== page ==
It is a statement of the obvious that Information Technology (IT) is by now a fundamental part of most business systems; so one would think that, for example, banks and their regulators would be somewhat obsessive about ensuring that IT systems and controls were robust and “state-of-the-art”, while directors’ and senior managers’ understanding of them was sound and up-to-date.
Sadly, this appears to be far from the case, even in the face of increasing “cyber-security” and similar threats.
A recent study by Accenture found that (even on a fairly loose definition) half of the world’s 109 largest banks had no main board member with any technology experience; while a further 25% had only one such member. One wonders what a similar survey of the (re)insurance industry would reveal. Anecdotally, at least amongst the largest groups, one would expect a better outcome; but perhaps Accenture should ask the same question.
Given that Deutsche Bank recently wrongly paid USD 6BN to a client (which, fortunately, it recovered the next day) because of a self-evident failure of what should have been relatively simple payment controls, it begs the question of what other “accidents waiting to happen” are out there. And yet, they are not accidents; they are fundamental failures of control, and, as such, inexcusable for an institution of the size and supposed sophistication of Deutsche Bank.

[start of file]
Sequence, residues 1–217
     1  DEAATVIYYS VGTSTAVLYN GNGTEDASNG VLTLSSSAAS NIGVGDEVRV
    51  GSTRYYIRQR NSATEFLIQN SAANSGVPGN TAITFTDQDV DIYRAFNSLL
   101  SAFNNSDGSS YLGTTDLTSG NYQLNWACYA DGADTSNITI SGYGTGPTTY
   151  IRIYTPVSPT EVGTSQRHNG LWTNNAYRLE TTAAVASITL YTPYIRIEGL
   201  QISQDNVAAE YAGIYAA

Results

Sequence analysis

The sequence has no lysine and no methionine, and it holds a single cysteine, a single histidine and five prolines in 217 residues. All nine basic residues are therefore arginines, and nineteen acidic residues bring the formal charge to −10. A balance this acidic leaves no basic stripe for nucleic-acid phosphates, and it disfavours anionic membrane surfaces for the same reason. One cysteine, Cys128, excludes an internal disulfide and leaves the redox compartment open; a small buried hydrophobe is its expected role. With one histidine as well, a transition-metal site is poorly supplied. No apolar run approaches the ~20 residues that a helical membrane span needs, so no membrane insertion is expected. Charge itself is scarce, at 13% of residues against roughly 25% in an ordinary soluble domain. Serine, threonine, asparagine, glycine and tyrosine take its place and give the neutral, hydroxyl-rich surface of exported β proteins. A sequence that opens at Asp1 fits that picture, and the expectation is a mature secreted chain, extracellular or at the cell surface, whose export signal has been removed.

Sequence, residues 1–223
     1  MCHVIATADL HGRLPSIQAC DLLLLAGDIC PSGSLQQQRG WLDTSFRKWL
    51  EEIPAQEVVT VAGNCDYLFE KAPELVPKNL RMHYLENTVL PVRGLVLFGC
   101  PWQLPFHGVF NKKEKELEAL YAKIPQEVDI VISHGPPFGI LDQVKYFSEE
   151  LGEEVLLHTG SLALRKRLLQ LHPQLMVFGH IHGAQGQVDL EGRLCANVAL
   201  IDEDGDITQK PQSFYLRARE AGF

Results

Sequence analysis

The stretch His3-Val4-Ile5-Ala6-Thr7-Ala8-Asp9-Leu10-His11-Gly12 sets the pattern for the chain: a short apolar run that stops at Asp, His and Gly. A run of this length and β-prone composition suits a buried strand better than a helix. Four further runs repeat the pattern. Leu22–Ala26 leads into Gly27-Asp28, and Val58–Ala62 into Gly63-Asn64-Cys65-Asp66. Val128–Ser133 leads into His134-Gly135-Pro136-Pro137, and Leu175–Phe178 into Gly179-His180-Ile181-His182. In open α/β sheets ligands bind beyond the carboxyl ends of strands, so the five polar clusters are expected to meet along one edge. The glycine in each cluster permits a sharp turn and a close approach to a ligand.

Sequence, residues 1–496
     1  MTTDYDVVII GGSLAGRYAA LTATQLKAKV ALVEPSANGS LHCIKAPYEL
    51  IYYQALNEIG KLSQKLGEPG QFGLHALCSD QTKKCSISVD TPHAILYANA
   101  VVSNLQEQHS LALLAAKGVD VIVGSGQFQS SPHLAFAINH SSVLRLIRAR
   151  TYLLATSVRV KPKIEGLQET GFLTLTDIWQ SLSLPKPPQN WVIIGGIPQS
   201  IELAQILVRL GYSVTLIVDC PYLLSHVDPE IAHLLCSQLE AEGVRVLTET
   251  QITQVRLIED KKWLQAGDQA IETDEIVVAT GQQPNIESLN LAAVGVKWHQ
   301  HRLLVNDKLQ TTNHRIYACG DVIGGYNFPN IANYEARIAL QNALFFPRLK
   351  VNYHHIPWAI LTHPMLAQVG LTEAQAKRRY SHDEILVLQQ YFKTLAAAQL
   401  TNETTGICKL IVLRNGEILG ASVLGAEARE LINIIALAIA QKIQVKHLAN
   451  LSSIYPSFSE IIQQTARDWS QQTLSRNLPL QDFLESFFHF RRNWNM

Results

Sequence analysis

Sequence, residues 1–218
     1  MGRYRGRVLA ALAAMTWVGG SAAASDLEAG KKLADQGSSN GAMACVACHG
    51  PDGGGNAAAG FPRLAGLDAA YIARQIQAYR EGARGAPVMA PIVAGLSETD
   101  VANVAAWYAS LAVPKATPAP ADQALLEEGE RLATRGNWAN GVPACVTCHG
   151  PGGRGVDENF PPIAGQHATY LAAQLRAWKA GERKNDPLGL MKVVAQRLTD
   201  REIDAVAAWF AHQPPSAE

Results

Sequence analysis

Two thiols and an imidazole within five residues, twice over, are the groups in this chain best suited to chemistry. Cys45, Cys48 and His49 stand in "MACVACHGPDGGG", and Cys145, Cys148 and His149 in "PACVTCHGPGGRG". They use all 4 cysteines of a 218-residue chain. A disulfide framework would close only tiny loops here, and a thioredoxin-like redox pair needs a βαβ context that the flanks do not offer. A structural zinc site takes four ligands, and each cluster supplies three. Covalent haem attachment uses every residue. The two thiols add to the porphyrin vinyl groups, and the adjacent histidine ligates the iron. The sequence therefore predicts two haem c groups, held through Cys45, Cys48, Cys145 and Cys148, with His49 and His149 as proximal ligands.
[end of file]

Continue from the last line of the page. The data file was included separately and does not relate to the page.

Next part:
However, many of today’s largest banking groups are agglomerations of predecessor institutions, with multiple, often incompatible processes and systems that would give Heath Robinson a bad name; requiring all-too-fallible human intervention to make some sense of them and execute transactions. This, of course, also increases the scope for malfeasance and fraud, because the systems are themselves too easily manipulated, over-ridden or compromised. It reminds one of the Irish joke: “…but, if I were going there, I wouldn’t start from here”.
Not surprisingly, Deutsche Bank’s new CEO has recognized the risks that the Bank faces from its technological systems’ deficiencies; and is taking the proverbial axe to the thousands of “consultants” on which the Bank has been relying to patch its system together; is “insourcing” IT; and giving much more power and prominence to systems and IT executives. We are sure that many other bank CEOs and board Chairs wished that they could do the same, overcoming vested interests and inertia.
We would also hope that regulators, recognizing the vulnerability of crucial deposit and payments systems in particular to failure or compromise, are urging radical and necessary changes upon their charges. Deutsche Bank would have had to find USD 6BN to balance its books. Lesser banks would perhaps have failed because of such a huge and unexpected shortfall in their balance sheet.
So, what does all this have to do with Awbury? We have long worked closely with our banking clients to assist them with managing and optimizing their balance sheet risks and capital positions. What we have described above, is operational risk, for which banks have to provide appropriate capital. We can help manage that too.
The Awbury Team